So there you are, about to drift off to sleep, and just when things get quiet…you hear a ringing sound. But it’s not the phone. And it just keeps on going.
Of course, I’m talking about tinnitus. If you’re not familiar with it, this condition is characterized by a chronic, persistent ringing or buzzing sound in the ears. It certainly isn’t life-threatening, or even medically serious, but it is indeed annoying. And if it gets persistent enough, it can reduce your quality of life big-time.
Luckily, a solution to the problem might be brewing (literally). According to a new study, caffeine intake may be associated with lower incidence of tinnitus in women.
More than 65,000 women aged 30 to 44 without tinnitus were recruited in 1991 when the study began. The participants were asked to complete lifestyle and medical history questionnaires every two years and food frequency questionnaires every four years.
After 18 years of follow-up, 5,289 of the women had developed tinnitus. But the researchers found that among women who consumed approximately five 8-ounce cups of coffee per day, incidence of reported tinnitus was 15% lower compared to women with a low caffeine intake (1.5 cups per day). And it should be noted that this caffeine was from coffee and not chocolate or tea.
The researchers didn’t know for sure why this reduction in risk occurred. But they postulated that it could be because caffeine stimulates the central nervous system. Also, previous research has demonstrated that caffeine has a direct effect on the inner ear.
I’ve written before about other health benefits associated with coffee, so you know I’m not one of those doctors who have a prejudice against it. But I have to say, five cups per day seems a bit over-the-top.
I’m not sure I could ever advocate drinking that much coffee on a daily basis. Especially given what it can do to your adrenal glands (as in, shutting them down). (Plus, I know if I had that much coffee every day, I’d be up all night organizing my sock drawer by color.)
But what I can advocate—and have seen work in the past—is good old gingko biloba, taurine and french maritime pine bark. In fact, a new study on french maritime pine bark’s benefits for tinnitus was just published. I’ll tell you more about it in the October issue of my Logical Health Alternatives newsletter. (So if you’re not already a subscriber, you might want to consider signing up now, to make sure you don’t miss this important info.)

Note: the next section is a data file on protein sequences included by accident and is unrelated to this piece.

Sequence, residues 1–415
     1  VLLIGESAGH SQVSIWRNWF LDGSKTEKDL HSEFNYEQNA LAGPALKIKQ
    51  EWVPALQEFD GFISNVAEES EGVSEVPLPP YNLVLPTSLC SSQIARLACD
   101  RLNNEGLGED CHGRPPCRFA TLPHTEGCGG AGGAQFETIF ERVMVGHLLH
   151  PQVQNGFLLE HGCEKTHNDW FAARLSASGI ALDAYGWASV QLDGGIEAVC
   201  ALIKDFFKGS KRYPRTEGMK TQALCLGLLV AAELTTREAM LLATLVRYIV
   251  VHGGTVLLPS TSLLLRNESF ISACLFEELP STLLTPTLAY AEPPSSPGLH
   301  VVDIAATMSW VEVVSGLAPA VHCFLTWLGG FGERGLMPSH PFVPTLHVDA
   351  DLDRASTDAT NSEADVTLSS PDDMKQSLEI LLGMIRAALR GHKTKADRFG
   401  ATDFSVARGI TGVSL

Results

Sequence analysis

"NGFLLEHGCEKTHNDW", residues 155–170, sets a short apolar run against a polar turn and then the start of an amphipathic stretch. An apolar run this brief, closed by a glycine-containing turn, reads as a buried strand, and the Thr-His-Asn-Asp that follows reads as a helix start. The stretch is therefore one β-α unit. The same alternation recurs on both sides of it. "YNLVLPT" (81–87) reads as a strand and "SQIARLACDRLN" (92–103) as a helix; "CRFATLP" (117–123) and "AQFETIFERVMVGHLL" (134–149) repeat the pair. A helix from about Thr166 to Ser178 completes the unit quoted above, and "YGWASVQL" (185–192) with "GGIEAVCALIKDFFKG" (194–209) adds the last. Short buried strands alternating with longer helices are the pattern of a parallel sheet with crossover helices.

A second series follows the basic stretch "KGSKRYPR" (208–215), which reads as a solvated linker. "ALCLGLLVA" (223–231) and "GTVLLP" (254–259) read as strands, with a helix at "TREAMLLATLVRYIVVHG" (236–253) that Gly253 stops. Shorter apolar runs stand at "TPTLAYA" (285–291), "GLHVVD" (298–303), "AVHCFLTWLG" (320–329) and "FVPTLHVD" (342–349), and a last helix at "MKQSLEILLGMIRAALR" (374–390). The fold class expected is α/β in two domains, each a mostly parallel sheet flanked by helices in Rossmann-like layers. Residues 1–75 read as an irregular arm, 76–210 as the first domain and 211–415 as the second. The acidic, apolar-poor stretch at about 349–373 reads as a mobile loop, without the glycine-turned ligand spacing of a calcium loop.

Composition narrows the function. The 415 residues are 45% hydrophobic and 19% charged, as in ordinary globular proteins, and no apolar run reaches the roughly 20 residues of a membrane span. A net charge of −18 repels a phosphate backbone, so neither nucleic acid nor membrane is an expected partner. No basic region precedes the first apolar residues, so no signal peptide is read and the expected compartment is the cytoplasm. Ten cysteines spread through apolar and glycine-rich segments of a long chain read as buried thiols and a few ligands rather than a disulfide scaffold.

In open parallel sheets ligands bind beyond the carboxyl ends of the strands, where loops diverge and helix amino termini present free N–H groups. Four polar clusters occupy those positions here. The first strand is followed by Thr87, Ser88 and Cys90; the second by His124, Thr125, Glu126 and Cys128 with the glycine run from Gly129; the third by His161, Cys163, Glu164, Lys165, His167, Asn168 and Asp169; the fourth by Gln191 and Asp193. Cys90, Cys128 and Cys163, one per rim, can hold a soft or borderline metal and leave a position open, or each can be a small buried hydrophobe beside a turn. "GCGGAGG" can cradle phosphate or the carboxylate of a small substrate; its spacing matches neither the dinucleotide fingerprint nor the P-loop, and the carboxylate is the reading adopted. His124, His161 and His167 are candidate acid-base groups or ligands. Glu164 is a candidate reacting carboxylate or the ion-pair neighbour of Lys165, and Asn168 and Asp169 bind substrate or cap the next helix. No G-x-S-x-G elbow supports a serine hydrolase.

Also, natural ingredients (or a combination formula of ingredients) that help boost your microcirculation could also be extremely helpful. Some of my go-to recommendations for improving microcirculation include magnesium, quercitin, panax ginseng, turmeric, and citrus bioflavonoids like hesperidin and diosmin.
Want some twigs in your coffee? Didn’t think so
We just talked about coffee as a possible way to alleviate the maddening ear ringing of tinnitus. But before you start caffeinating, take note: not all java is created equal.
Due to shortages caused by global warming, or corporate greed (or both), some coffee contains filler including corn, barley, wheat, soybeans, acai seed, brown sugar, rice, even starch syrup.
This isn’t stuff you want to be eating much of (or any, for that matter). Nor do you expect it to be in your coffee in the first place (unless your barista specifically asks you if you’d like corn in your cappuccino). Frighteningly, some unscrupulous producers are going even farther and have put in fillers like wood, twigs, sticks, husks, parchment—even clumps of dirt.
How can you avoid dirt-laced coffee? One solid solution is to buy local and/or fair-trade. Neighborhood roasters, whole beans at trusted organic and health-food stores, and fair-trade coffee chains (both local and national) that truly know and give information on the origins of their whole beans—and grind them in-store—are often safer bets than shady “vac pacs” in big chain grocery stores.
The more transparent a coffee producer is about where and how it gets its precious beans, the better your chances are of getting a quality product. The key is to get as close to the source as possible.
Another potential boon for coffee safety: Researchers in Brazil have developed a test that will be able to tell with 95 percent accuracy if there are impurities in your coffee. But it hasn’t come into wide enough use to really make an impact yet. Nor do I hold out much hope that it’ll be approved with any urgency, or taken seriously, on our shores. So, again, I repeat: Know thy roaster.
Like I always say, knowledge is power.
Until next time—happy sipping,